I was listening closely to every word, but it took a few seconds for the weight of what she was explaining to hit me. When it did, I felt the world shrink away with frightening speed all around me until I was all alone, tiny and insignificant in a universe whose end was impossible to see. Until that moment, I had lived a life of boundaries, of clearly drawn lines where everything had a beginning and an end. The very concept that numbers kept going and never ended shook everything I had learned thus far in the tiny span of time that was my life. I couldn’t get my head around the fact that there was a number bigger than one thousand, an ideal that had long held much respect and superiority in my mind. I couldn’t believe that “a million” was a real number, and not just a superlative used to describe the number of toys my friends had in comparison to me. Infinity was a scary, alien notion. It attacked all the walls my parents had carefully built around my current understanding of the world. An entirely foreign emotion struck me, a feeling of smallness, of inconsequence, but most importantly, of the immensity of the world and my utter inarguable, surrender to it.

All this simply from learning that there were numbers, and not just numbers, but endless groups of them. Quantities of things that existed even though I had never seen or even heard of them. One pair of tired, knotted fingers flew across the blackboard that day, painting the concept of infinity in such I way that my five-year old mind could understand it. One pair of perfectly imperfect hands opened a thousand doors to me and cemented a priceless lesson in my understanding.

You always imagine the hands that usher you through the gates of the world as perfect, smooth, manicure-commercial worthy hands belonging to that faceless, perfect woman. Mrs. Wilder had far from perfect hands. My mother had far from perfect hands. My hands themselves are and were nowhere near as bad as Mrs. Wilder’s were, but their dry wrinkles are less harsh now, almost a symbol of everything the world has to offer.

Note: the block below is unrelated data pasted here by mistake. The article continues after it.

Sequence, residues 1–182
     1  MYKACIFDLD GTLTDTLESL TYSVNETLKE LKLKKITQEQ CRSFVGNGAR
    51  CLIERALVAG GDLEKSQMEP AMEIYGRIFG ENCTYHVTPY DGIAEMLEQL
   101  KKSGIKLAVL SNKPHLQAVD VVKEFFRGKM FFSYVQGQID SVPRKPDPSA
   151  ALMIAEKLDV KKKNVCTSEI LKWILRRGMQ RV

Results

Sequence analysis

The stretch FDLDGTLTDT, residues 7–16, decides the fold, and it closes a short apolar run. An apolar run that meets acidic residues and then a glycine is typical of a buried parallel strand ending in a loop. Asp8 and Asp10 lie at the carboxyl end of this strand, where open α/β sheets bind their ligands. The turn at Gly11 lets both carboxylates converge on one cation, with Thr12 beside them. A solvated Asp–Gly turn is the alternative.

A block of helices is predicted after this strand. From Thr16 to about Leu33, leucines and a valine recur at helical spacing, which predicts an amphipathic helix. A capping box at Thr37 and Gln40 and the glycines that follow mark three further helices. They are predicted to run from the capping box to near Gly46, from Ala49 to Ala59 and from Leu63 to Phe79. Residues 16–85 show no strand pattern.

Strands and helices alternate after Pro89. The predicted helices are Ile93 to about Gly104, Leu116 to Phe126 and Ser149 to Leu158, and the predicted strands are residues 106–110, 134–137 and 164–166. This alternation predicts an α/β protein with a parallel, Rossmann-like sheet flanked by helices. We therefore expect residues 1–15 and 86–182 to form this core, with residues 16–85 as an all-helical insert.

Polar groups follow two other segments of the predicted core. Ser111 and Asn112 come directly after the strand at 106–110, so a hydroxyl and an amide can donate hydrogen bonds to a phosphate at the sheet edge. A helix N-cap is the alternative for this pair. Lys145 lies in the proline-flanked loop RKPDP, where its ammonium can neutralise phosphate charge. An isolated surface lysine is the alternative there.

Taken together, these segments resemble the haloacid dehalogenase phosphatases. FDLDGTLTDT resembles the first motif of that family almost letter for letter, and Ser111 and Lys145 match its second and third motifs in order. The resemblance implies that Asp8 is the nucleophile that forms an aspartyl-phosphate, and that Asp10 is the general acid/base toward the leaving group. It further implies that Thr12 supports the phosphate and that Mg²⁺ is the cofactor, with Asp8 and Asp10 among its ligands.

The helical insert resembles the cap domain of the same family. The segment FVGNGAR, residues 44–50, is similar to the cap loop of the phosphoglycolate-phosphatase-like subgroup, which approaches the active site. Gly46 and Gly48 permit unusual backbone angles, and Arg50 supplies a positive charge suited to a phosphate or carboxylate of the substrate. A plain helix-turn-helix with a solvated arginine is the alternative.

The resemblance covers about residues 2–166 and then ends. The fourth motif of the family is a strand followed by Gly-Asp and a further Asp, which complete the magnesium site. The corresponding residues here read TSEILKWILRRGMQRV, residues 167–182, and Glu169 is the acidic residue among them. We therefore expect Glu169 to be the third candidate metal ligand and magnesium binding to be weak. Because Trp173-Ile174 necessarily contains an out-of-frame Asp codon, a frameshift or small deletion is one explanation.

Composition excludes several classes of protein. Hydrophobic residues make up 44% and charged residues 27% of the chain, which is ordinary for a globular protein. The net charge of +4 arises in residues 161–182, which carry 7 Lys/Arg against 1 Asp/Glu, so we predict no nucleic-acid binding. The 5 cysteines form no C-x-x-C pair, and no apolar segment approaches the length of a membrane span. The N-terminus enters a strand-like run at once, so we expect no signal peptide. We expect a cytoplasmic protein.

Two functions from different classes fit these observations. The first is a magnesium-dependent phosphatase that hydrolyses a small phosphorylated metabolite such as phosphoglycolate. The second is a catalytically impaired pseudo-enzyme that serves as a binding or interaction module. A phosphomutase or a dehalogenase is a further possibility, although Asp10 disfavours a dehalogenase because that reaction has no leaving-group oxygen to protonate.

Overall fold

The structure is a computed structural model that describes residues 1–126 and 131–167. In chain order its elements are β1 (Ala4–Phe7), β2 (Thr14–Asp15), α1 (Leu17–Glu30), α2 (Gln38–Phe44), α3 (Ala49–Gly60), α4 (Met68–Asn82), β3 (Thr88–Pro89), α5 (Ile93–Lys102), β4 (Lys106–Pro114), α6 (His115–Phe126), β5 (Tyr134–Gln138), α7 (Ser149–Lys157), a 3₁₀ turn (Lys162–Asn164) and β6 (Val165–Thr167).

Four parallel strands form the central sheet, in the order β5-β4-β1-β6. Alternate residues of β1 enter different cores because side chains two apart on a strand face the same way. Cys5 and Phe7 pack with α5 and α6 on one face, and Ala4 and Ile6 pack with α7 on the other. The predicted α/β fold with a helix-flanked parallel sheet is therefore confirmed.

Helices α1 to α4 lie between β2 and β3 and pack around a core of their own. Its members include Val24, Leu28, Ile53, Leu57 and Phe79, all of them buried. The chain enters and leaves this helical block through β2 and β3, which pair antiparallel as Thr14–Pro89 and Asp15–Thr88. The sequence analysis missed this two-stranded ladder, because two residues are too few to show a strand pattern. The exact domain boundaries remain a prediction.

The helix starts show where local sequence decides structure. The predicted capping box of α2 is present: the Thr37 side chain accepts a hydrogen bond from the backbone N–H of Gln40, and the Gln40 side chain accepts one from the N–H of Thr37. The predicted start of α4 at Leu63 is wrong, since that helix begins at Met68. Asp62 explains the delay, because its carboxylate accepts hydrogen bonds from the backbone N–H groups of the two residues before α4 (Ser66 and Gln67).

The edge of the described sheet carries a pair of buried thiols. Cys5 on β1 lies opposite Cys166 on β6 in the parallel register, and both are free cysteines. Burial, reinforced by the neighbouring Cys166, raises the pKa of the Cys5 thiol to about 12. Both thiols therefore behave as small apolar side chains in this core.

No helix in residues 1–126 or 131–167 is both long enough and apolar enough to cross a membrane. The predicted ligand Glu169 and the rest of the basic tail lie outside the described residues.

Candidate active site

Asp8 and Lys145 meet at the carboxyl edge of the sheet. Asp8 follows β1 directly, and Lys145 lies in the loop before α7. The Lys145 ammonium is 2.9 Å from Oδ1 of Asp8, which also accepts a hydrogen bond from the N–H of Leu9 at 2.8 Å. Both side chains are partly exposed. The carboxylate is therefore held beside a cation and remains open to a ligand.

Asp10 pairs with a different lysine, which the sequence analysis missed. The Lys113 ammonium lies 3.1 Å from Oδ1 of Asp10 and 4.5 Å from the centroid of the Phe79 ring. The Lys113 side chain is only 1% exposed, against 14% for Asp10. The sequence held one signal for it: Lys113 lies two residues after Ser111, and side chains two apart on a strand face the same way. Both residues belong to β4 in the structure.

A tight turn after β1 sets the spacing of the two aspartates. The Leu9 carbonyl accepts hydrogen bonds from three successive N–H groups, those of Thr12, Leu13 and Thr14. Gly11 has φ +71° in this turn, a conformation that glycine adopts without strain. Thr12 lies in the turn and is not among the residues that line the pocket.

It’s not so much that the understanding of the infinity of numbers is that important. The more important lesson is that there is always something new to learn, something that will throw you and everything you’ve ever believed in completely off balance to teeter on the edge of your sanity. There is always a new idea to absorb, a new theory to grasp, and you never know whose hands will be the ones pushing you into that new light of revelation.

I moved away from ACS Hillingdon after first grade, and after a few years away we ended up moving back to that general area in obedience to my father’s constantly changing job. I must have been in sixth grade when I ran into Mrs. Blair at the doctor’s office in Gerrards Cross. I recognized her as one of the other kindergarten teachers from when I had been a student at ACS, almost five years before.

I’m not even sure why I was there. I think it might have been for my brother, who seemed to have a never-ending case of the flu during those years. I ran over, delighted to have seen part of a long lost memory brought to living colour. It actually turned out that Mrs. Blair had known Mrs. Wilder very well. She was at the doctor’s office, as it happened, for news about Mrs. Wilder. Some rather bad news.

Mrs. Wilder had died. It was only to be expected. After all, she must have been in her late seventies when she taught my class. Her severe arthritis had finally caught up with her.

I suppose the people you value the most in your life never really die. You don’t even consider the possibility that they are capable of dying, so that when they actually do, they haven’t at all.

Technically speaking, she was someone who should have been rather small in the broad view of my school life, and yet her impact stands out more than anyone else’s. She was a kindergarten teacher, in the fullest sense of those words. A kindergarten teacher with a million lost dreams and body that had failed her. I’m sure I can’t begin to count the lives she affected in her lifetime, but I know for sure that I will never underestimate the power of learning because of her. Little lessons will never be worthless. I learned so much from her – appreciation for myself and my small differences, wonder for the world and its possibilities, faith in nothing and everything at the same time, and of course, a thousand practical lessons that every five-year old needs to know to graduate to the first grade. She was the most unlikely and unexpected role model, and yet it made her even more perfect. It seems that it’s in the weathered hands of life and its messengers that we are given the greatest gifts.

Perfect Imperfections

Jennifer Nicolaisen

Southport, United States

  • Artist